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Taxpayers must pay the freight for over-budget train projects
Topic - Edward Avery
Exceeding sentencing guidelines, a judge on Wednesday handed down prison terms of at least six years to a Roman Catholic priest and a former teacher in a sex-abuse case that brought down a Philadelphia church official.
A jury on Wednesday convicted a priest and teacher in a pivotal church-abuse case that rocked the Philadelphia archdiocese and sent a church official to prison for child endangerment.
A troubled policeman's son who accuses two Roman Catholic priests and a teacher of raping him during boyhood is set to testify at a Philadelphia trial this week — and have his startling claims challenged for the first time.
A Roman Catholic monsignor who became the first U.S. church official branded a felon for covering up sex abuse claims against priests was sentenced Tuesday to three to six years in prison.
The first U.S. church official convicted of covering up sex-abuse claims against Roman Catholic priests was sentenced Tuesday to three to six years in prison by a judge who said he "enabled monsters in clerical garb" to "destroy the souls of children."
The first U.S. church official convicted of endangering children in the priest-abuse scandal asked Thursday for a probationary sentence, saying he already had experienced months of scrutiny, vilification and shame.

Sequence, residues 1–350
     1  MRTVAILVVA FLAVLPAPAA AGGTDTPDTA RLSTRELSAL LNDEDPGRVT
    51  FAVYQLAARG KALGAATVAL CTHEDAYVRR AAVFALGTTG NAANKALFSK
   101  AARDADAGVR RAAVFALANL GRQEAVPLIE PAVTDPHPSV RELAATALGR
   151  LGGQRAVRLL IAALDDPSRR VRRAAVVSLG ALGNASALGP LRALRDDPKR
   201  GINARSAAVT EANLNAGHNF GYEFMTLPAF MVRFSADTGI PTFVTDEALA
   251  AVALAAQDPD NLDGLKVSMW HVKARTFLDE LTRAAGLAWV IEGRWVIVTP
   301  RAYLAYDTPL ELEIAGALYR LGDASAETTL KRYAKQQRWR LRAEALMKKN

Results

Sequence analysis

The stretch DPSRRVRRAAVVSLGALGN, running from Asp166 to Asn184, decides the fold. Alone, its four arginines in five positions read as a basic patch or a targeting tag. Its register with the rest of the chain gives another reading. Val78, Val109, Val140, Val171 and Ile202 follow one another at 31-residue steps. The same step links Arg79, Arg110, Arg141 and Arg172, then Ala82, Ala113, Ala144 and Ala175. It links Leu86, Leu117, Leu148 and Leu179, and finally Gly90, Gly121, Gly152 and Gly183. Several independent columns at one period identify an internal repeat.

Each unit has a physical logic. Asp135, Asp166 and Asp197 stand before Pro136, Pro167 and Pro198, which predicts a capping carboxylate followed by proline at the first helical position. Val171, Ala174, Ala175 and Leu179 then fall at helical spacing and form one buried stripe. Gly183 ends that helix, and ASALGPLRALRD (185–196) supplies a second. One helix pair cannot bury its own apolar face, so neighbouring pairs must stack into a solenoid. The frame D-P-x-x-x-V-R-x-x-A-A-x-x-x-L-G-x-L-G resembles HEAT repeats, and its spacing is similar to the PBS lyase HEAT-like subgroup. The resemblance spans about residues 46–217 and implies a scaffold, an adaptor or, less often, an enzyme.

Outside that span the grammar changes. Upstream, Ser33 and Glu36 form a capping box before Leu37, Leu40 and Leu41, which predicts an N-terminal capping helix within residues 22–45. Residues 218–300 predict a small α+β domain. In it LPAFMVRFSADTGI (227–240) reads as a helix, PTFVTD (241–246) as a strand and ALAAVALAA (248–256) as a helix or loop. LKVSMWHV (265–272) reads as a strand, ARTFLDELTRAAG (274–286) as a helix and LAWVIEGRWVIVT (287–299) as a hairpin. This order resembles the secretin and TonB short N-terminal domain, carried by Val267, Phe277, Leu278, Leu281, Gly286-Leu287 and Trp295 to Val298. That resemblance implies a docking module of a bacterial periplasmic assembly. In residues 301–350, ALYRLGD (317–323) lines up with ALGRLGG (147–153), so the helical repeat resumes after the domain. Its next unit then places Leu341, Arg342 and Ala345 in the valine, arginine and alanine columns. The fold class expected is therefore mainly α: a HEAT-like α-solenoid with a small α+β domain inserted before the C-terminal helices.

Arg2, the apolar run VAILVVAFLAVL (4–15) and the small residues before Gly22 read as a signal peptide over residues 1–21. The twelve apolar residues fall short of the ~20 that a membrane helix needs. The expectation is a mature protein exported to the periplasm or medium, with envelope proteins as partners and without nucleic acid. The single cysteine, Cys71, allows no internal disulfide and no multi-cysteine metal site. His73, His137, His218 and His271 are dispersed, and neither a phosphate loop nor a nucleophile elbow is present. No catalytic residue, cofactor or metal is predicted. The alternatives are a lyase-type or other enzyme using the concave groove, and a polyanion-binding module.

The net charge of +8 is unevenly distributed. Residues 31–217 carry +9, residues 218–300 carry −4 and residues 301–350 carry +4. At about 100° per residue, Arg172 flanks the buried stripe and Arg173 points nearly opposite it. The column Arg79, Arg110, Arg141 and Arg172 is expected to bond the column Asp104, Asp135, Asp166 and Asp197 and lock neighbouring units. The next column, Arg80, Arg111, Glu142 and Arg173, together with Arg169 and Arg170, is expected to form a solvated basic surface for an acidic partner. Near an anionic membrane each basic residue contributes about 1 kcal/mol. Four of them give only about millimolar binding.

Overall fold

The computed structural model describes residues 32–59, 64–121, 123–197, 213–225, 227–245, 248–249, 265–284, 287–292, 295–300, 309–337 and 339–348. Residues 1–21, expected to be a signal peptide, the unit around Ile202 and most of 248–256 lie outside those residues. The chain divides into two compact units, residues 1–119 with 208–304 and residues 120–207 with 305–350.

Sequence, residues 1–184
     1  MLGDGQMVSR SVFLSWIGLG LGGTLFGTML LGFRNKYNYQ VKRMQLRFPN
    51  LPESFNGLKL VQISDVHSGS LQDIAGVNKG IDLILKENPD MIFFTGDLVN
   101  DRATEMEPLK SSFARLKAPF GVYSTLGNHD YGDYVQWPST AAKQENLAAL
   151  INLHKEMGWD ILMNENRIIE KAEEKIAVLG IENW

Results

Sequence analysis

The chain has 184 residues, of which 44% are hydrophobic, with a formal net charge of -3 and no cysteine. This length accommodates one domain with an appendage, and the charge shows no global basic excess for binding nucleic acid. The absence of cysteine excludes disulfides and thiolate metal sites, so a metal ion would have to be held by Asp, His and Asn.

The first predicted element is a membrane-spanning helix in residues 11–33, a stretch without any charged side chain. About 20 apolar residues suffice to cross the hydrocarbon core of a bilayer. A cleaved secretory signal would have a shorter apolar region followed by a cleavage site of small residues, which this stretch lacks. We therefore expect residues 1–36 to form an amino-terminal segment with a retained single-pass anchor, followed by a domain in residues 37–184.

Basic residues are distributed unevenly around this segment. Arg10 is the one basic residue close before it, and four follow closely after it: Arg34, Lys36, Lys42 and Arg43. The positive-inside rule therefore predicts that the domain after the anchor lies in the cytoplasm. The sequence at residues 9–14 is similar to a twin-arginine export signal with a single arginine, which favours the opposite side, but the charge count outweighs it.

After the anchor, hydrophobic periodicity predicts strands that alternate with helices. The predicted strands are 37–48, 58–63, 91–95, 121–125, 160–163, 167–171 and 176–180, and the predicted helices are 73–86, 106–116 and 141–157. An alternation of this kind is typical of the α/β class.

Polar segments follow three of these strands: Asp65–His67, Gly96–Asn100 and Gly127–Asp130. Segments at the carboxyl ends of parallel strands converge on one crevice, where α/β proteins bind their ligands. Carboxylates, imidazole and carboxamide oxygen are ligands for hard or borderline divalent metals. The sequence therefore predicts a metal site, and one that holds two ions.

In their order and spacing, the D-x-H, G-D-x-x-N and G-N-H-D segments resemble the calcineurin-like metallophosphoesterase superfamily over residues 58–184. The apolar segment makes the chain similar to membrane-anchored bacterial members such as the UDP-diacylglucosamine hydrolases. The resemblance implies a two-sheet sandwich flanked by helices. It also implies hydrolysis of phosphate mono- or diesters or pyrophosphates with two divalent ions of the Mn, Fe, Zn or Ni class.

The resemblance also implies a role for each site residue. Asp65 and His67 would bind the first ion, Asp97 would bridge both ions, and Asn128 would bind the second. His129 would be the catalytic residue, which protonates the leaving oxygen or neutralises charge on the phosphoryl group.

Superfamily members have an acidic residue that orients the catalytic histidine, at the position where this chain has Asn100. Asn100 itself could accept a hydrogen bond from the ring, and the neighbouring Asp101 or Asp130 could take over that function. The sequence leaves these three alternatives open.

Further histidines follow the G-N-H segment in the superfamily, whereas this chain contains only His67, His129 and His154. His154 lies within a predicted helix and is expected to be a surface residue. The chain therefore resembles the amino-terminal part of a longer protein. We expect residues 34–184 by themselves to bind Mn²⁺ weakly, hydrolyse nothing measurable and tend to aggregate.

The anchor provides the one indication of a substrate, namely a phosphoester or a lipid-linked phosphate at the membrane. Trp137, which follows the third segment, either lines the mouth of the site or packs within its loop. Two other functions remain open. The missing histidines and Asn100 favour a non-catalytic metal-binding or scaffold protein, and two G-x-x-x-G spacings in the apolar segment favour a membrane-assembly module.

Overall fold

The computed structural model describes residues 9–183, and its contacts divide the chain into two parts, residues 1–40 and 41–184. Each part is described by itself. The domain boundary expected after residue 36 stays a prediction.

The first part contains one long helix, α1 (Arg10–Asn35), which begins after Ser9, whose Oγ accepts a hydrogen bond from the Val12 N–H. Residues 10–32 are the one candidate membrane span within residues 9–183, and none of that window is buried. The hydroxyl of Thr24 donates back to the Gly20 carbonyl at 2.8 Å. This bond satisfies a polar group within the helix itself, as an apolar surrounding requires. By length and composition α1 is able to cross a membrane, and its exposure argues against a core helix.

Monsignor William Lynn helped the Archdiocese of Philadelphia keep predator-priests in ministry, and the public in the dark, by telling parishes their priests were being removed for health reasons and then sending the men to unsuspecting churches, prosecutors argued in a landmark clergy-abuse trial.
A landmark sex-abuse trial opening Monday in Philadelphia may unveil the operations of a Roman Catholic archdiocese and detail how children's complaints were buried for decades in secret archives next to a soaring cathedral as the priests they named went unpunished.
The fatal shooting of a woman and her three young daughters at a Missouri resort has been ruled a murder-suicide.
A Roman Catholic monsignor charged with protecting two priests accused of rape lost a last-minute bid Monday to be absolved in court as jury selection proceeded in a landmark case in Philadelphia.
District Attorney Seth Williams decided to charge Lynn, the former secretary for clergy at the archdiocese, with child endangerment because Avery had been transferred to the boy's parish even though he admitted to church officials that he had abused a boy previously.
And he said Shero raped him in a car a year later, after driving him home after detention.